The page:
While the vigilance of superiors should be active in observing and prompt in correcting abuses, it should be entirely free from a spirit of espionage and distrust, which is calculated to make hypocrites, and to provoke the clandestine violation of rules. If the students are persuaded that they are habitually suspected and watched, they will also have their eye on their professors. They will take a morbid pleasure in eating the forbidden fruit, in drinking the “stolen waters, which are sweeter, and eating hidden bread, which is more pleasant.” Like those that try to avoid the Octroi in French towns, they will come to regard their offences as purely penal without any moral sanction attached to them.
I once heard of a professor who always presupposed that the students were untrustworthy antil they gave proof of virtue. The opposite rule, which assumes that they are good until their vicious character is made manifest, is, certainly, to be preferred. A gentleman once informed me that the principal of the academy in Europe in which he had made his studies, had an observatory, from which he could view all the boys in their respective rooms, and take note of any misdemeanor they might commit.
All right-minded men will agree that it is far better that youths should be religiously impressed with a sense of God's presence, that their enlightened conscience should be their monitor, and that the Faculty should appeal to their moral rectitude and honor rather than to their sense of fear.
This generous confidence in the student's honor is calculated to develop a higher and nobler type of manhood, and to fit young men for the great world in which they will have no preceptors to admonish them, and in which their conscience will be their chief and often their only guide. And besides, wherever this method of government obtains, whatever chastisement may be inflicted on the transgressor in vindication of the law, will be sanctioned and applauded by the students themselves; for they feel that any grave violation of college discipline affects their personal honor and good name. I am happy to say that this system prevails in all the institutions of learning with which I am acquainted.
St. Augustine, in his Confessions, complains of the excessive harshness and severity of some teachers of his time. They multiply, he says, the labors and sorrows through which the sons of Adam are obliged to pass. Youth are better governed by motives of love and filial reverence than by servile fear, and their tasks are more diligently learned when enjoined by principles of duty than when enforced by threats of punishment; for “no one,” he adds, “ doth ever well what he doth against his will, even though what he doth be well.”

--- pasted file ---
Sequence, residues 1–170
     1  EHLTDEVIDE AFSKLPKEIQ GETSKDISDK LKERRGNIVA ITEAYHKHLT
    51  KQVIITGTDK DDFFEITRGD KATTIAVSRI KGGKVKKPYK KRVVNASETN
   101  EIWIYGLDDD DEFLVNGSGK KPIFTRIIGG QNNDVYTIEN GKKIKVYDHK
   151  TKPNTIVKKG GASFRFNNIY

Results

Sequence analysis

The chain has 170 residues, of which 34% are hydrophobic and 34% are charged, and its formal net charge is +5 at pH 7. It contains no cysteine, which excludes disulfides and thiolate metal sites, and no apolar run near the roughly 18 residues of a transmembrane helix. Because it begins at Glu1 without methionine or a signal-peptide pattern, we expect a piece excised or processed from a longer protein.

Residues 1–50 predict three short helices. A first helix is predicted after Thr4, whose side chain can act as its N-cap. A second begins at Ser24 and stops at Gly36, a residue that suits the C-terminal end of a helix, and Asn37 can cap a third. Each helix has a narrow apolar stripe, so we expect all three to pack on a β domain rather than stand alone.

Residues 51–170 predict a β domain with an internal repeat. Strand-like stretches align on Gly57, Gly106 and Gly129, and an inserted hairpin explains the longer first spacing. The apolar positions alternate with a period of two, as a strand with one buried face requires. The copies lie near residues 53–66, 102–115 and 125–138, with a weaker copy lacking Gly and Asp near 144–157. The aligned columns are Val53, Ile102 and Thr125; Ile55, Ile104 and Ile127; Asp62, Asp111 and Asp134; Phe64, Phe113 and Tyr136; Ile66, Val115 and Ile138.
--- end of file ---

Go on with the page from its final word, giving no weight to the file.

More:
The mode of punishment inflicted on refractory subjects has varied according to the popular sentiment prevailing at different times and in different countries. We are told in the Life of Plutarch that corporal chastisement was not tolerated in the school which he frequented in Greece. This authority was exercised only by parents. “The office of the teacher was to inform the mind. He had no power to extinguish the flame of freedom, or break down the noble independence of the soul by the degrading application of the rod." Plutarch informs us of a novel and ingenious method employed by his preceptor Ammonius in correcting his pupils. “Our master," he says, “having one day observed that we had indulged too freely at dinner, ordered his freedman, during his afternoon lecture, to give his own son the discipline of the whip in our presence. The philosopher all the while had his eye upon us, and we knew well for whom the example of punishment was intended.” Our American youth would, I presume, submit with patient resignation to this vicarious sort of punishment, for it is easy to bear the misfortunes of others.
The experience of General Sheridan's schooldays was not so agreeable. His teacher had less scruple than Ammonius about
physical correction. He tells us in his Personal Memoirs that, when a youth, he attended a private school in Ohio. Whenever any one of the boys committed a serious breach of discipline, if the teacher was unable to detect the culprit, as was usually the case, "he would consistently apply the switch to the whole school without discrimination.” It must be conceded that by this means he never failed to catch the real mischief-maker.
So great an authority as Dr. Johnson advocates moderate corporal punishment as an efficient means for curbing perverse and refractory spirits.
The ancient Lacedaemonian father was accustomed to inflict a second punishment on his son who complained of being chastised; for, he held," he who would take the trouble to correct the son, showed thereby his affection for the father.”
But the spirit of this country seems to be growing more and more averse to the application of the rod. I am persuaded that neither the authority of the sturdy Dr. Johnson nor the example of the Lacedaemonians will have any effect in supplanting the milder regime now in force in our educational institutions, especially in our Catholic colleges and seminaries; for while American fathers admit the wisdom of Solomon's maxim:
“ He that spareth the rod, hateth his son,” they are reluctant to delegate to others their paternal prerogative.
It will be generally admitted, in conclusion, that he is a model disciplinarian who combines the paternal and maternal attributes in his relations to his pupils. While he is always expected to maintain the authority of a father, he should exhibit in a more marked degree, the affection and tenderness of a mother; for he who gains our heart easily commands the attention of our mind,
J. CARD. GIBBONS.